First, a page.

Mondaq News Alert (some suggested topics and region)
Select Topics
Registration (please scroll down to set your data preferences)

Mondaq Ltd requires you to register and provide information that personally identifies you, including your content preferences, for three primary purposes (full details of Mondaq’s use of your personal data can be found in our Privacy and Cookies Notice):

  • To allow you to personalize the Mondaq websites you are visiting to show content ("Content") relevant to your interests.
  • To enable features such as password reminder, news alerts, email a colleague, and linking from Mondaq (and its affiliate sites) to your website.
  • To produce demographic feedback for our content providers ("Contributors") who contribute Content for free for your use.

Mondaq hopes that our registered users will support us in maintaining our free to view business model by consenting to our use of your personal data as described below.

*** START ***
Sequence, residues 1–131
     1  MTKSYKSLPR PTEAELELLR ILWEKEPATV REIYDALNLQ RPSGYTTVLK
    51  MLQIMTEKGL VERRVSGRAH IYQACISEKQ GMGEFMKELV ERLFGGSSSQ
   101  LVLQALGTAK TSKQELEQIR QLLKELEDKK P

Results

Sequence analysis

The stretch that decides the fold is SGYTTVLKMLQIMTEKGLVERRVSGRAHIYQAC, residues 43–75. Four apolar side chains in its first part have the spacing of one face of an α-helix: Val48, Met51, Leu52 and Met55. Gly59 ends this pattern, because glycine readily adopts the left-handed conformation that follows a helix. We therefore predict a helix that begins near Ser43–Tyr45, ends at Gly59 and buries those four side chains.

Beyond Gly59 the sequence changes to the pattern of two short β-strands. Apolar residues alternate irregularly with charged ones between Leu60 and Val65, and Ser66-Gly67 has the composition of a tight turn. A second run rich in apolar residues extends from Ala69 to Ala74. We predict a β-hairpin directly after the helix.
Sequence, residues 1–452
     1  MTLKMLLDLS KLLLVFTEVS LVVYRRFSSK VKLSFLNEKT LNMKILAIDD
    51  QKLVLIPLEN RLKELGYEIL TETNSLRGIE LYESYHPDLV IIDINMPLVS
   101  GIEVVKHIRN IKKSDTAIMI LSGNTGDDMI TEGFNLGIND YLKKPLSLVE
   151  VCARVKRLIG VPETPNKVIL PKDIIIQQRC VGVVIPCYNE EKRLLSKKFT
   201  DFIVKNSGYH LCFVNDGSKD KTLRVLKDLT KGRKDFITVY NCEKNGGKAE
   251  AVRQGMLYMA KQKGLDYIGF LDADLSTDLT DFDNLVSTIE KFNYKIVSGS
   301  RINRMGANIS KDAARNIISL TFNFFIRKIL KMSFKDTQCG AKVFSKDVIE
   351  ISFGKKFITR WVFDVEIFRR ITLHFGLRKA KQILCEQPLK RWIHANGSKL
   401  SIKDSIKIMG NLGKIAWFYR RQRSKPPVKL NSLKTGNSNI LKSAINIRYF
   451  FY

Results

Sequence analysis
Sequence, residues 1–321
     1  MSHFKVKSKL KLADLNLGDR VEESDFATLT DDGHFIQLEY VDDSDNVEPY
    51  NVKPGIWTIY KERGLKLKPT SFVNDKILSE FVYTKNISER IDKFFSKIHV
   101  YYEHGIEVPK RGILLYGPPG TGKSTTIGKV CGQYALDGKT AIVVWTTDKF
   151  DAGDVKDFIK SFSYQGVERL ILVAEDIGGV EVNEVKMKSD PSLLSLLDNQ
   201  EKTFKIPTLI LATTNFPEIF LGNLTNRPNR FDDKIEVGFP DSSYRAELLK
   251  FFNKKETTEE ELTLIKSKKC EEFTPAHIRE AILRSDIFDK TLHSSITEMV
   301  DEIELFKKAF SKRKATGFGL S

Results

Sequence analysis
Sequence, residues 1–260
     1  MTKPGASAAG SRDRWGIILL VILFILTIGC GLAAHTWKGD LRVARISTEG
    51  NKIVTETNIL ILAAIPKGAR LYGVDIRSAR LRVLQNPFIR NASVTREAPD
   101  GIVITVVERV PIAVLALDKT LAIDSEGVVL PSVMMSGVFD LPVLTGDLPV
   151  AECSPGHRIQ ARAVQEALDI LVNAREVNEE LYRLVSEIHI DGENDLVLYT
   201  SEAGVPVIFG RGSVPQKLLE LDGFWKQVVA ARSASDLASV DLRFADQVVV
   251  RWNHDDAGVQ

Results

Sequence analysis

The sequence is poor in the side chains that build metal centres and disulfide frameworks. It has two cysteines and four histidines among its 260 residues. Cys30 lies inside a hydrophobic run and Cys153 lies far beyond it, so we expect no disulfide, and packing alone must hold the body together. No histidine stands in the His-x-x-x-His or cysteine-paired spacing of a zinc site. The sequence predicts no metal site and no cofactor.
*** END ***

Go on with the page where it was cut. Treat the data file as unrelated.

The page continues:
Mondaq has a "free to view" business model. Our services are paid for by Contributors in exchange for Mondaq providing them with access to information about who accesses their content. Once personal data is transferred to our Contributors they become a data controller of this personal data. They use it to measure the response that their articles are receiving, as a form of market research. They may also use it to provide Mondaq users with information about their products and services.

Details of each Contributor to which your personal data will be transferred is clearly stated within the Content that you access. For full details of how this Contributor will use your personal data, you should review the Contributor’s own Privacy Notice.

Please indicate your preference below:

Yes, I am happy to support Mondaq in maintaining its free to view business model by agreeing to allow Mondaq to share my personal data with Contributors whose Content I access
No, I do not want Mondaq to share my personal data with Contributors

Also please let us know whether you are happy to receive communications promoting products and services offered by Mondaq:

Yes, I am happy to received promotional communications from Mondaq
No, please do not send me promotional communications from Mondaq